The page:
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Wednesday June 13, 2001

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ERIC M. JUKELEVICS/Arizona Summer Wildcat

Michelle Blumenberg, Director of the UA's Hillel Foundation, believes the Jewish-centered organization provides a place where people can feel connected.

By Carrah Bechtel

Arizona Summer Wildcat

Religious Centers on Campus Focus on Outreach to Students

On some days, it seems like they're everywhere. Whether it's a preacher sharing his Christian doctrine or a Hare Krishna playing a tambourine, it feels like religion often tries to nudge its way into UA students' everyday lives.

While it may appear that many students have grown weary of the constant bombardment of different dogmas, doctrines and beliefs while on the University of Arizona campus, three centers - The Hillel Foundation, The Islamic Center of Tucson and Campus Christian Center - exist in an attempt to help students adjust to campus life and answer questions about faith and the brooding personal questions that tend to plague college-aged students.

And - the organizations insist - they're not trying to convert anybody.

The Hillel Foundation, located at 1245 E. Second St., is one of more than 110 Hillel foundations around the world designed to meet the spiritual and cultural need of Jewish students.

Hillel's goal, written on the mission statement on the front wall of the lobby, is "to provide students at the University of Arizona and in the Tucson Metropolitan area with an atmosphere that fosters enhancement of Jewish life."

Michelle Blumenberg, executive director of UA's Hillel, believes the foundation achieves this goal by providing a place where people can feel connected.

"We connect with the Jewish community in two ways, either religiously or culturally," Blumenberg said. "There are 3,500 Jewish students on campus. That's about 10 percent of the student population all with different ways of expressing their Jewish identity. It's about a way of life."

Because Judaism can be expressed either as a cultural identity or a religious faith, Hillel has the unique task of providing services that emulate the spectrum of Jewish life.

"Some students come to us who are very steeped in the Jewish faith culturally and religiously and they want to continue that here," Blumenberg said. "Others haven't had connections to Judaism since their Bar/Bat Mitzvah at 13 years old. They come to us wanting to learn more."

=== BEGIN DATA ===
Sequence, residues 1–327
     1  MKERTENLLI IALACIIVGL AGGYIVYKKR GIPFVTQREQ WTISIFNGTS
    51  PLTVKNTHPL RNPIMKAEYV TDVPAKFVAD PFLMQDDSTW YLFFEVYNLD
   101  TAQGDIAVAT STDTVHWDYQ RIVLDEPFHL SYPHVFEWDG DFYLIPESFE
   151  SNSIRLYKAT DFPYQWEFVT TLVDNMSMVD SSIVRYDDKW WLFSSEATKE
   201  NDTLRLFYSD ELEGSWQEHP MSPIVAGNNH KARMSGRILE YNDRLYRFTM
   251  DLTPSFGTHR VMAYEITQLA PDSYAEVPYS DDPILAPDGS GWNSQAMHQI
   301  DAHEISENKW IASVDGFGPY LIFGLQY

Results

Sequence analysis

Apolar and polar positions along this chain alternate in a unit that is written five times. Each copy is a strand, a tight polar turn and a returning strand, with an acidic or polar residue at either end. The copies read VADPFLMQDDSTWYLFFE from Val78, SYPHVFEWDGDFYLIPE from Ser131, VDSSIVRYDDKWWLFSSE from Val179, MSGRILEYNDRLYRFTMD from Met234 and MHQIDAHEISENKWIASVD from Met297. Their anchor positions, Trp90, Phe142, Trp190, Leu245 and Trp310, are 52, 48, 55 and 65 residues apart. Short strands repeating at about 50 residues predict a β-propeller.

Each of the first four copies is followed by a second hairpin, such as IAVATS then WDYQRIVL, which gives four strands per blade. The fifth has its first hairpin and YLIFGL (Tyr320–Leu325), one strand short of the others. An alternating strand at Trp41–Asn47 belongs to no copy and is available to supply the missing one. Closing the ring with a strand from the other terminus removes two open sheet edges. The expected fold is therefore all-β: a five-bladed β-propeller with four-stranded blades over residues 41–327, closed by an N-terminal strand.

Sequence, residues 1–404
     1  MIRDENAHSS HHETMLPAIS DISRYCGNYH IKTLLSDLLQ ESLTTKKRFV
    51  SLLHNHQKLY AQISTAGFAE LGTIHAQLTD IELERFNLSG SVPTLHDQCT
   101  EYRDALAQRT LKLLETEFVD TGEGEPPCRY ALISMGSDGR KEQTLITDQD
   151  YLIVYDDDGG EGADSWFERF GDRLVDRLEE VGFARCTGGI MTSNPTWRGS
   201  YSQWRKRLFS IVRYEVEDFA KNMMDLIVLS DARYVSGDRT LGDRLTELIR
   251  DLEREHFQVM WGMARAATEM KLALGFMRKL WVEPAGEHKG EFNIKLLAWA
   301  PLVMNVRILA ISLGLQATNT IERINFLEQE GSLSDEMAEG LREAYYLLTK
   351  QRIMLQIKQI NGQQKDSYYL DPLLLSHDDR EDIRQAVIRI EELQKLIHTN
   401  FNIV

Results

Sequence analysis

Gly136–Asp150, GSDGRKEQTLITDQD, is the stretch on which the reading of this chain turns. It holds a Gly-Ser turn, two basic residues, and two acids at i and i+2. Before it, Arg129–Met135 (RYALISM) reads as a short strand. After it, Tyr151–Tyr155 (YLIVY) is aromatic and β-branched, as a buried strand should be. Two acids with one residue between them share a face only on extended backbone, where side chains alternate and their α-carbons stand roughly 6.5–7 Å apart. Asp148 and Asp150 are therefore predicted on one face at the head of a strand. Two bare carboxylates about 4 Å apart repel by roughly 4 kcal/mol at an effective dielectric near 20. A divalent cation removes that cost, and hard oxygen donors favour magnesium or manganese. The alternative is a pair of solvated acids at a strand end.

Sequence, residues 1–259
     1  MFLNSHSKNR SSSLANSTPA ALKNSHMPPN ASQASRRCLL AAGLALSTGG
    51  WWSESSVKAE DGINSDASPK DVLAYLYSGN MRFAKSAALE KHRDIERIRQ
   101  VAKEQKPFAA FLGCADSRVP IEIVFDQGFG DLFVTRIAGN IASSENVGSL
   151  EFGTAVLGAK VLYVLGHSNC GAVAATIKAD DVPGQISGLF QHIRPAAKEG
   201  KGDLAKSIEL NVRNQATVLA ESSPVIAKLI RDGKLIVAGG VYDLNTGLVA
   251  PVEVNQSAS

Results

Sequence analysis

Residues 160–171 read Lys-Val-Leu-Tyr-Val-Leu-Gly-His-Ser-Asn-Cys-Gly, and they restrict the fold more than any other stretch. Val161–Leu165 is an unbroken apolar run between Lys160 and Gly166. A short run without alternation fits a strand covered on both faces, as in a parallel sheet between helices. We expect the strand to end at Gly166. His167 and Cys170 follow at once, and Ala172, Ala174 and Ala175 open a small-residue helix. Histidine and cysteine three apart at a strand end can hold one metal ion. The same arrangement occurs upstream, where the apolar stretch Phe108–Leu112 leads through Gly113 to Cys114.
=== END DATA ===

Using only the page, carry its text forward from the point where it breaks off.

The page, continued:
Blumenberg also said the foundation serves to help students who are dealing with the stresses of life, something she believes can be closely intertwined with the faith itself.

"Jewish history is also both religious and cultural," she added. "When you look at the Torah as a way of life and you're having a problem or a crisis it can help guide you. You may not be dealing with who's sheep belongs on which land, but the core issues are the same."

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ERIC M. JUKELEVICS/Arizona Summer Wildcat

Rev. Allen Breckenridge, the Episcopal Chaplain, wants students to know that the center embraces liberal practices and thinking.

Information about Jewish history and religious counseling are available to help answer questions for students who want to learn more about their identity or heritage.

Some students have even found their heritage via the Israel Birthright Program, an experience that allows Jewish students to connect with the past.

"This program provides Jewish students the opportunity to visit Israel for the first time," Blumenberg said. "It's a 10-day experience with touring and educational components. We engage in discussions about history and politics and introduce students to Israeli families to expose them to the culture."

Because Hillel is a foundation that is open to all denominations of Judaism, including Orthodox, it must provide a variety of kosher foods for the students. Oy Vey! Cafˇ is located in Hillel and provides kosher food with a Middle Eastern flare with vegetarian options.

It's 7:30 on a Monday night, and Omar Shahin is leading prayer for 20 members of his Muslim community at the Islamic Center of Tucson, located at 901 East First Street.

As he steps to the microphone and begins to sing in Arabic, the four walls transform themselves from a simple quiet place to a scared and holy room that allows the noise of the day and the stresses of school to disappear.